Minutes before the craft was due to land, its main engine shut down and communication with the spacecraft was lost.
It is an awesome achievement to have gotten this far.
Netanyahu also predicted that Israel would land a ship successfully in two or three years.
"We will try again", Netanyahu said. "An Israeli lander will land on the moon".
During the broadcast, control staff could be heard saying that engines meant to slow the craft's descent and allow a soft landing had failed and contact with it had been lost.
As Live Science sister site Space.com reports, Luna 7 and Luna 8 also crashed into the moon during failed landings in 1965, and the US intentionally crashed two Ranger probes into the moon that same year. By the time connectivity was restored, the spacecraft was moving too quickly to be fully braked before impacting the lunar surface. Radio signals from the spacecraft, the size of a washing machine, abruptly cut off, and nervous chatter erupted in the control room.
The team who built Beresheet designed it as an autonomous landing craft - a lofty achievement in and of itself.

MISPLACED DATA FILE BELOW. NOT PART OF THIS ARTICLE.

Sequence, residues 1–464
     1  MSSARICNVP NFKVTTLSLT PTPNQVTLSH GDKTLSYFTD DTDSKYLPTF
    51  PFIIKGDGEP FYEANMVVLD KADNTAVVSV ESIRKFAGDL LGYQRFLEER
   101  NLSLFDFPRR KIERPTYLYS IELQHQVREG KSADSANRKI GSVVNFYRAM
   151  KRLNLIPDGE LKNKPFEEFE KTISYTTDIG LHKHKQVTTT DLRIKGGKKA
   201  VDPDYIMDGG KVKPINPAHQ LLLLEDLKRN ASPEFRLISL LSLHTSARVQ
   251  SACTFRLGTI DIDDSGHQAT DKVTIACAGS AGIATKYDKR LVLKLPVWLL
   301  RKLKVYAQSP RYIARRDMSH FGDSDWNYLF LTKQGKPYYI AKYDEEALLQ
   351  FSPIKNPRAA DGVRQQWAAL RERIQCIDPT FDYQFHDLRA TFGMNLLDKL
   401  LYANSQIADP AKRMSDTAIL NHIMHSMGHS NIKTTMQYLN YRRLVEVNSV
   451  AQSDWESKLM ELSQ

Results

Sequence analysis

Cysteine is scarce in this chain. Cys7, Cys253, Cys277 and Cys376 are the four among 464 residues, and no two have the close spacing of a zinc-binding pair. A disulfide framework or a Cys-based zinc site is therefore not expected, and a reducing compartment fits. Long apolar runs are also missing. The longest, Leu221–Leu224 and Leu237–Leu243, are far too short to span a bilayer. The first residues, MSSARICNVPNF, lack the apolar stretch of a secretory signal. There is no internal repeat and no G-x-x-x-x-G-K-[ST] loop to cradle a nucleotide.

Meanwhile, President Reuven Rivlin soothed the children who were invited to his residence to hopefully watch a successful landing. "And we really are making this dream come true".
While crewed lunar trips have taken around three days, the probe took a much more circuitous route for its four million-mile (6.5m km) journey.
Beresheet images the Moon from 22 kilometers The Beresheet lander returned this photo of the Moon from an altitude of 22 kilometers before landing failure on 11 April 2019.
"Beresheet came the closest Israel ever has to land on the moon, but unfortunately the landing was not completed successfully".
Beresheet made the final cut, but after several deadline extensions, the competition ended past year without a victor.
The SpaceIL nonprofit group was able to keep going even as other teams began to drop out of the competition, and as the original deadline to win the X-Prize was extended. "That's all we know".
"No matter what actually happened, what SpaceIL is doing here achieves our whole vision". "I think we can be proud".
He added: "What we've done with the project is use space technology that already existed in Israel, but we took it to the next level".
It is expected to land in the Sea of Serenity, on the northern hemisphere of the moon's near side, and if successful will measure the magnetic field at the landing site, and send back data and pictures.